doi = "10.1017/S0007114512002620",
language = "English",
volume = "109",
pages = "906--913",
journal = "British Journal of Nutrition",
issn = "0007-1145",
publisher = "Cambridge University Press",
number = "5",

}

Body iron is associated with cognitive executive planning function in college women. / Blanton, Cynthia A.; Green, Michael W.; Kretsch, Mary J.

In: British Journal of Nutrition, Vol. 109, No. 5, 14.03.2013, p. 906-913.

Research output: Contribution to journalArticle

TY - JOUR

T1 - Body iron is associated with cognitive executive planning function in college women

AU - Blanton, Cynthia A.

AU - Green, Michael W.

AU - Kretsch, Mary J.

PY - 2013/3/14

Y1 - 2013/3/14

N2 - Evidence of the relationship between altered cognitive function and depleted Fe status is accumulating in women of reproductive age but the degree of Fe deficiency associated with negative neuropsychological outcomes needs to be delineated. Data are limited regarding this relationship in university women in whom optimal cognitive function is critical to academic success. The aim of the present study was to examine the relationship between body Fe, in the absence of Fe-deficiency anaemia, and neuropsychological function in young college women. Healthy, non-Anaemic undergraduate women (n 42) provided a blood sample and completed a standardised cognitive test battery consisting of one manual (Tower of London (TOL), a measure of central executive function) and five computerised (Bakan vigilance task, mental rotation, simple reaction time, immediate word recall and two-finger tapping) tasks. Women's body Fe ranged from - 4·2 to 8·1 mg/kg. General linear model ANOVA revealed a significant effect of body Fe on TOL planning time (P= 0.002). Spearman's correlation coefficients showed a significant inverse relationship between body Fe and TOL planning time for move categories 4 (r - 0.39, P= 0.01) and 5 (r - 0.47, P= 0.002). Performance on the computerised cognitive tasks was not affected by body Fe level. These findings suggest that Fe status in the absence of anaemia is positively associated with central executive function in otherwise healthy college women.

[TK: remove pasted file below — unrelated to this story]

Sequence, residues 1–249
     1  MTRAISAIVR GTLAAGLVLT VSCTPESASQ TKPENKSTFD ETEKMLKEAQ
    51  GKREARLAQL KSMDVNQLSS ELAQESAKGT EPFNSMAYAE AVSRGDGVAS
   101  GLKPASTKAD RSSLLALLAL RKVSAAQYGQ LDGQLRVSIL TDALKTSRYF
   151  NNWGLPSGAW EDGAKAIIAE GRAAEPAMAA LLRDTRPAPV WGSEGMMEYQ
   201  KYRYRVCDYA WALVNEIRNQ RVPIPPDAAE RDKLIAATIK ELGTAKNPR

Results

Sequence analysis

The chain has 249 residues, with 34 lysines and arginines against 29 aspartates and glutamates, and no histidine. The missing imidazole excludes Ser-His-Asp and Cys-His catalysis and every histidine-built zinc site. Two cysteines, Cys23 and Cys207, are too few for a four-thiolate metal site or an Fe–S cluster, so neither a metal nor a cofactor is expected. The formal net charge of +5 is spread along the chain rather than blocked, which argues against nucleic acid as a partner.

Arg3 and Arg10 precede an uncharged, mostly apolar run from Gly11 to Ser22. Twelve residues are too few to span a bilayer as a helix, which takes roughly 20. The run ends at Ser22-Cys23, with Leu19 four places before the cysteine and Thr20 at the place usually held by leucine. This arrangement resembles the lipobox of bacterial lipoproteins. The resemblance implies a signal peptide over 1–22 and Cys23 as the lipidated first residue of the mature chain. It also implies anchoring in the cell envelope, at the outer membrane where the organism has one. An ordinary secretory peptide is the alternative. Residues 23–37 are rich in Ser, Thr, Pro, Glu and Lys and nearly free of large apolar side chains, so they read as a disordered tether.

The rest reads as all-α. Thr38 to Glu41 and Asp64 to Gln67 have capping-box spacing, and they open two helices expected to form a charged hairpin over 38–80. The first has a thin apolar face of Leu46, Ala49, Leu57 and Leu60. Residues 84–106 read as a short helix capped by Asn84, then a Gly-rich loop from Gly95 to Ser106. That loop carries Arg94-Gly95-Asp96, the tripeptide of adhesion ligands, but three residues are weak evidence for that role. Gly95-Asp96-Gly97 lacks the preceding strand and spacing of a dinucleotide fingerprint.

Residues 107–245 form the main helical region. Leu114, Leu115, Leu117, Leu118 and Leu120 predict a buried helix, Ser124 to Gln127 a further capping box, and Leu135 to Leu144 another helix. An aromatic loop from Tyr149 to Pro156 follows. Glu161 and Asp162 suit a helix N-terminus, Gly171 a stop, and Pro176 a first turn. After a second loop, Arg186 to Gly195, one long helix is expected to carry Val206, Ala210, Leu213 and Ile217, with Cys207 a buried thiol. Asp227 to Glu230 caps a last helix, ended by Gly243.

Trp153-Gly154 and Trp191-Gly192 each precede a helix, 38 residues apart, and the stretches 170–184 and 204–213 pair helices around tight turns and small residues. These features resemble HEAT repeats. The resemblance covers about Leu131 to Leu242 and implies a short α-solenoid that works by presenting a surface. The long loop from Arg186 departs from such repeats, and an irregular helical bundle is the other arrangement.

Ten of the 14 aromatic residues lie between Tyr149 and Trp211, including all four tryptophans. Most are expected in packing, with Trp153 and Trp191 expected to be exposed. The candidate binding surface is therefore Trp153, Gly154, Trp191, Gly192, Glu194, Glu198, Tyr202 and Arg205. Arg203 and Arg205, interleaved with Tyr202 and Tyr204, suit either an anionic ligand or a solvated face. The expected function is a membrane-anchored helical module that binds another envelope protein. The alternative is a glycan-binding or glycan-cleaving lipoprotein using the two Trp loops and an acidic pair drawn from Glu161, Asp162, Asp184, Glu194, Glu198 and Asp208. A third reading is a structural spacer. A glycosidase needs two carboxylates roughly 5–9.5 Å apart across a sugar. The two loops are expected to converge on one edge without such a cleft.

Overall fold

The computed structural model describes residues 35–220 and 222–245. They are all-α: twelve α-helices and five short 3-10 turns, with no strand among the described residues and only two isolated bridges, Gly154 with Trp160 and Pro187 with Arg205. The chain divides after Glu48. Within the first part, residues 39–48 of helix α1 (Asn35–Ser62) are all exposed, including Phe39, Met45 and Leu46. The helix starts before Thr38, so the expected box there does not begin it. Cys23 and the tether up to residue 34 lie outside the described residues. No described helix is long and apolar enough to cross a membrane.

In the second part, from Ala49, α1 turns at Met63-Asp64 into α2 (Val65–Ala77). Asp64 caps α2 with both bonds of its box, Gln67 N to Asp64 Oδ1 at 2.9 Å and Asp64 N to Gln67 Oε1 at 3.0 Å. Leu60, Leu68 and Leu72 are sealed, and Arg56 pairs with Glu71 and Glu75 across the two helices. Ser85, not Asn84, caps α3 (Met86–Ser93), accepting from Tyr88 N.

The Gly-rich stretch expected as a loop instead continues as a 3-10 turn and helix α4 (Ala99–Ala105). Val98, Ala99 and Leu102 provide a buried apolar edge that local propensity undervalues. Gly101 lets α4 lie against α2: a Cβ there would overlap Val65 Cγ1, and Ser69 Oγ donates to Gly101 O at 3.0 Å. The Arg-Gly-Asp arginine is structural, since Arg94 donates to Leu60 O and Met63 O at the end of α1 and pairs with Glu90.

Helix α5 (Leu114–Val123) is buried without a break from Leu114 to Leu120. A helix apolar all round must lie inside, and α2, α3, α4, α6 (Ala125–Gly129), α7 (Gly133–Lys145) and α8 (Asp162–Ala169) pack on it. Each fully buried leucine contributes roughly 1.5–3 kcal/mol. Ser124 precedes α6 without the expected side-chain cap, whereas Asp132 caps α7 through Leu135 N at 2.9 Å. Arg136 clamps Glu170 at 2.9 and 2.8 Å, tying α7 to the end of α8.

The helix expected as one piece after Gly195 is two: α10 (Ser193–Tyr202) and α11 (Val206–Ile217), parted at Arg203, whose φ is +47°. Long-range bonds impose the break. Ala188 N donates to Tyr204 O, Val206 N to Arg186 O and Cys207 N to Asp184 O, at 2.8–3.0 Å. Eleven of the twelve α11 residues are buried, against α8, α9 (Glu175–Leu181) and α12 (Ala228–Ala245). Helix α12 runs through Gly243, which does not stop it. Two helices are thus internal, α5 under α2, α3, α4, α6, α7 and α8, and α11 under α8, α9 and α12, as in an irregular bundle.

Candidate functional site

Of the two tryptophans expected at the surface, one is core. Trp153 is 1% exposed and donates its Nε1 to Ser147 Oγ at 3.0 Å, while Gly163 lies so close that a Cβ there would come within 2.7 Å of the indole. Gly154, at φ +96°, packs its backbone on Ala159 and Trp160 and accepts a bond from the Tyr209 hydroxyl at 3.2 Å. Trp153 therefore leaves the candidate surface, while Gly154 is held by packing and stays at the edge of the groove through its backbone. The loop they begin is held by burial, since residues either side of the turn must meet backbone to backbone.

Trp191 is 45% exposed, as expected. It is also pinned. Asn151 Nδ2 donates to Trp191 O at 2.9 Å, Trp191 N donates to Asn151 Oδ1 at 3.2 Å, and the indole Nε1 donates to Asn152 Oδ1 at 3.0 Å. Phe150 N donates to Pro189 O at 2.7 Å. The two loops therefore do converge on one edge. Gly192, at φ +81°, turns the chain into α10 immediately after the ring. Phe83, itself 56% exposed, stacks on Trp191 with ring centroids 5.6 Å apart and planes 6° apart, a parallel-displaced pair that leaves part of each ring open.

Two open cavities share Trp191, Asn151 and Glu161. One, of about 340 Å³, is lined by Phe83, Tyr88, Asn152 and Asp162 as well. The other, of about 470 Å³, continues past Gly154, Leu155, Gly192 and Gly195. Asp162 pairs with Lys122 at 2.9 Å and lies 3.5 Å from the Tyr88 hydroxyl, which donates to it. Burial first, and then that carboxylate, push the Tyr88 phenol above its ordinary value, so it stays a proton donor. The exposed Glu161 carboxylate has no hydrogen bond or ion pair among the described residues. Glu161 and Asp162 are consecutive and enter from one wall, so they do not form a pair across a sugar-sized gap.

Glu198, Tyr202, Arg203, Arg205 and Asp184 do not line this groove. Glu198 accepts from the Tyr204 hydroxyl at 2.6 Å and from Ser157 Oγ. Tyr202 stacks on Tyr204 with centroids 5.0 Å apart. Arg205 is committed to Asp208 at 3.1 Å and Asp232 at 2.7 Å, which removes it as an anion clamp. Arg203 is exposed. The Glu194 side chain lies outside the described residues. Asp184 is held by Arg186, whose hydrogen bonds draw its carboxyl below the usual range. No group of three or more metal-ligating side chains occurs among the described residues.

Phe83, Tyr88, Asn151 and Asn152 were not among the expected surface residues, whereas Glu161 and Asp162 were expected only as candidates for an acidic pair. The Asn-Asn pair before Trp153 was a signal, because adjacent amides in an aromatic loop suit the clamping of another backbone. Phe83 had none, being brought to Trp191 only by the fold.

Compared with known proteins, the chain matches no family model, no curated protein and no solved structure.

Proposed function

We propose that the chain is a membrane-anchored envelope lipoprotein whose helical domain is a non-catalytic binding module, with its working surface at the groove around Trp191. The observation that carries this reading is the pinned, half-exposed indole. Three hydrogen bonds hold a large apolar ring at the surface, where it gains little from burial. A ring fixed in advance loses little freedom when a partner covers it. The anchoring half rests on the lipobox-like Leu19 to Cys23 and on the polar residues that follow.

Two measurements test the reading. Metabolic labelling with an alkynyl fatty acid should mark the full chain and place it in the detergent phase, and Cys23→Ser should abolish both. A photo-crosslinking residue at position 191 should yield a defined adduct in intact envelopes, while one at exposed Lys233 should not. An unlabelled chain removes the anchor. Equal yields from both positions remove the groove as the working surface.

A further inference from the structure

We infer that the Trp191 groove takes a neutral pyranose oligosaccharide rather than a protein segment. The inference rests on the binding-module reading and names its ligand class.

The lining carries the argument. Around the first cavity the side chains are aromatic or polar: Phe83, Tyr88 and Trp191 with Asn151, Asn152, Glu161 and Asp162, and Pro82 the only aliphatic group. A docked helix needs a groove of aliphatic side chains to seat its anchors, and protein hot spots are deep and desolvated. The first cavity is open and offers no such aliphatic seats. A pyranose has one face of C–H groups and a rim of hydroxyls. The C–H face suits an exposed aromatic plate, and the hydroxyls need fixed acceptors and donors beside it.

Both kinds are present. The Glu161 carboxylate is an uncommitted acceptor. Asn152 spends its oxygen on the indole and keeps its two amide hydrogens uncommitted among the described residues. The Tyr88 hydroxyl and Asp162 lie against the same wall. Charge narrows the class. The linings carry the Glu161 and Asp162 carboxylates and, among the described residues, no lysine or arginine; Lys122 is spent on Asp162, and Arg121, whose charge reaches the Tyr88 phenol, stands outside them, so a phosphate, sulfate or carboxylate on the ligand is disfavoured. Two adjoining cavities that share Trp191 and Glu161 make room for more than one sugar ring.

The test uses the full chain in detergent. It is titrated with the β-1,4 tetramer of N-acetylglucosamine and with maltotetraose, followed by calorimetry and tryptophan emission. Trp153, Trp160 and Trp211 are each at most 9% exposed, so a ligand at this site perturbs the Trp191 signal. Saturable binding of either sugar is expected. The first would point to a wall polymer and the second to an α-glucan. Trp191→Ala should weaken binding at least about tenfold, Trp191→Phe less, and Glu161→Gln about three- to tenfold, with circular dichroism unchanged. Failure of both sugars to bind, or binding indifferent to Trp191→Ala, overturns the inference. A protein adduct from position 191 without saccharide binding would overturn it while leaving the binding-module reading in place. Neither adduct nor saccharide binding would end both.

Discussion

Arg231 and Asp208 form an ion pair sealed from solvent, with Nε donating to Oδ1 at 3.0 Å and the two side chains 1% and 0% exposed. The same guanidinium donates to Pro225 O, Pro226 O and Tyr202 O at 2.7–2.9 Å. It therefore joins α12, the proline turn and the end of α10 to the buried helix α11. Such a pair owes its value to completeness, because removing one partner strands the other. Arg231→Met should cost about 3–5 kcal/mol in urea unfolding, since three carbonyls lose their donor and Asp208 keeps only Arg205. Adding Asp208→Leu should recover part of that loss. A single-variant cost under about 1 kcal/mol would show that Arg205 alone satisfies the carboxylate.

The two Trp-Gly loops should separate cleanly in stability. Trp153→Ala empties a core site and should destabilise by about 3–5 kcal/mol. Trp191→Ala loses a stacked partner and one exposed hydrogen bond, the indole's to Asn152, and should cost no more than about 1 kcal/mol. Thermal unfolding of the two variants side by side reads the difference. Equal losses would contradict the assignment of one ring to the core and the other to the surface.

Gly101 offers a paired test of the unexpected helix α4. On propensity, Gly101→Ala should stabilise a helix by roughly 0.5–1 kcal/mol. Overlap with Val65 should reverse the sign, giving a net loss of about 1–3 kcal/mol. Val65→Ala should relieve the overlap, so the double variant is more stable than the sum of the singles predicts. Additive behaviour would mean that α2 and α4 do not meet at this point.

AB - Evidence of the relationship between altered cognitive function and depleted Fe status is accumulating in women of reproductive age but the degree of Fe deficiency associated with negative neuropsychological outcomes needs to be delineated. Data are limited regarding this relationship in university women in whom optimal cognitive function is critical to academic success. The aim of the present study was to examine the relationship between body Fe, in the absence of Fe-deficiency anaemia, and neuropsychological function in young college women. Healthy, non-Anaemic undergraduate women (n 42) provided a blood sample and completed a standardised cognitive test battery consisting of one manual (Tower of London (TOL), a measure of central executive function) and five computerised (Bakan vigilance task, mental rotation, simple reaction time, immediate word recall and two-finger tapping) tasks. Women's body Fe ranged from - 4·2 to 8·1 mg/kg. General linear model ANOVA revealed a significant effect of body Fe on TOL planning time (P= 0.002). Spearman's correlation coefficients showed a significant inverse relationship between body Fe and TOL planning time for move categories 4 (r - 0.39, P= 0.01) and 5 (r - 0.47, P= 0.002). Performance on the computerised cognitive tasks was not affected by body Fe level. These findings suggest that Fe status in the absence of anaemia is positively associated with central executive function in otherwise healthy college women.

KW - Cognition

KW - College women

KW - Iron

UR - http://www.scopus.com/inward/record.url?scp=84874681188&partnerID=8YFLogxK

UR - http://journals.cambridge.org/action/displayAbstract?fromPage=online&aid=8850401&fileId=S0007114512002620

U2 - 10.1017/S0007114512002620

DO - 10.1017/S0007114512002620

M3 - Article

C2 - 22676919

AN - SCOPUS:84874681188

VL - 109

SP - 906

EP - 913

JO - British Journal of Nutrition

JF - British Journal of Nutrition

SN - 0007-1145

IS - 5

ER -